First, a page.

Re: [TLS] Twist security for brainpoolp256r1

Johannes Merkle <> Tue, 11 November 2014 18:49 UTC

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Date: Tue, 11 Nov 2014 19:49:29 +0100
From: Johannes Merkle <>
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Subject: Re: [TLS] Twist security for brainpoolp256r1
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> I was going through SafeCurves pages recently and wanted to ask a question about brainpoolP256r1's twist security.
> According to this research,, <>  a combined
> cost of attacks on brainpoolP256t1, which is a P256r1's "twist" is rather low. At the same time it's obvious that
> small-group-attack is not applicable, because "h=1" is a requirement for all brainpool curves including the one under
> consideration.

This is a misunderstanding. The term "twist security" refers to non-quadratic twists (B/u)y^2=x^3+Ax^2+x, where u is a
non-square in F_p. RFC 5639 considers "quadratic twist", where u is a square in F_p. Quadratic twists are isomorphic to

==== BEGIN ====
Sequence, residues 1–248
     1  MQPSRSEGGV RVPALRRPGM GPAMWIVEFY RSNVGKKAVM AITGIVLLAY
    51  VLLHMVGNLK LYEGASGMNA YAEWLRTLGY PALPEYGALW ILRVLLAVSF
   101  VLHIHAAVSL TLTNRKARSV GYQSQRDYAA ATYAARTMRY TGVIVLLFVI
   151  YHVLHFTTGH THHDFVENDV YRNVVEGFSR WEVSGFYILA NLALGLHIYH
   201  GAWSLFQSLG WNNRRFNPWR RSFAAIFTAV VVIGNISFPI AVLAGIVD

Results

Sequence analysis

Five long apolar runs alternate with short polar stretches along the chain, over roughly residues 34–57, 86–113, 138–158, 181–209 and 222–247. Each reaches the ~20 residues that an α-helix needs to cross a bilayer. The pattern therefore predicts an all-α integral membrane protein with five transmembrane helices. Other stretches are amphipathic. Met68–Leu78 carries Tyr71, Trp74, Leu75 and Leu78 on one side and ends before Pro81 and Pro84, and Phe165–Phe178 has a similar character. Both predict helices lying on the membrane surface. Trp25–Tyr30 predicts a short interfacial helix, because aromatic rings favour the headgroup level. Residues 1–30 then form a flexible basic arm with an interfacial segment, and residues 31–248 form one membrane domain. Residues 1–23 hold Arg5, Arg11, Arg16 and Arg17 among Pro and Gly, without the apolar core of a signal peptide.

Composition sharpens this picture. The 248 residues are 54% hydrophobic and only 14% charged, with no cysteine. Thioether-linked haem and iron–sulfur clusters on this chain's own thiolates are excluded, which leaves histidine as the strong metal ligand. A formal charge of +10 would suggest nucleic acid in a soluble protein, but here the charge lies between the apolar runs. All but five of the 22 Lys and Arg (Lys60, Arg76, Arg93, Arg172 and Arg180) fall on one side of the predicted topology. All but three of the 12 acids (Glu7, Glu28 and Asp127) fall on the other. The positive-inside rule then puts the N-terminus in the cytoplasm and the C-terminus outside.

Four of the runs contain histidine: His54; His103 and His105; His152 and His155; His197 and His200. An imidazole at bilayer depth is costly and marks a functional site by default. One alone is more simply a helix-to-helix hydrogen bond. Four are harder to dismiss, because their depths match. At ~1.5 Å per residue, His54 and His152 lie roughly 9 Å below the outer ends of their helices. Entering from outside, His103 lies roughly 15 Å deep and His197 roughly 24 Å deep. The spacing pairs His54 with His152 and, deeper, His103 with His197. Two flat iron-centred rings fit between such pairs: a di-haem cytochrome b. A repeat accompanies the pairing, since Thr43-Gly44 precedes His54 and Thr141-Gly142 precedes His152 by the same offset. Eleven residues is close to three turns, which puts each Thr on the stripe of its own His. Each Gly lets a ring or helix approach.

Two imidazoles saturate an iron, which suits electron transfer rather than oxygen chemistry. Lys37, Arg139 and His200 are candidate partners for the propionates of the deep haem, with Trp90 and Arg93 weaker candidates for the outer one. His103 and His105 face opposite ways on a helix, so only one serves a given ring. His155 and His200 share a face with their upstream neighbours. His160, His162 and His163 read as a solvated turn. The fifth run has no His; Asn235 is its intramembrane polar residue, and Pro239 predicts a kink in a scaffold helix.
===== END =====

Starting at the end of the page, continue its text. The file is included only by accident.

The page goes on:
the original curve and provide equivalent security. Therefore, brainpoolP256t1 is as secure as brainpoolP256r1. In
contrast, the non-quadratic twists of brainpoolP256r1 are not secure, because their group order does not have a large
enough prime factor, i.e., the cofactor is huge.

> The other two "invalid-curve" attacks should be mitigated by openssl controls, since latter does have a
> point-on-the-curve validation (e,g. see EC_POINT_is_on_curve function and its usage in the latest openssl stable versions).

Twist security is only relevant, if you use an arithmetic on the x-coordinate only (Brier-Joye ladder) and don't perform
point-on-the-curve validation. I am quite sure that openssl avoids both, i.e., computes on both coordinates and performs
point-on-the-curve validation. Therefore, twist security is irrelevant here.

x-coordinate arithmetic is generally quite slow for Weierstrass curves, and point-on-the-curve validation is mandated by
the relevant standards. Therefore, twist security should be hardly an issue anywhere.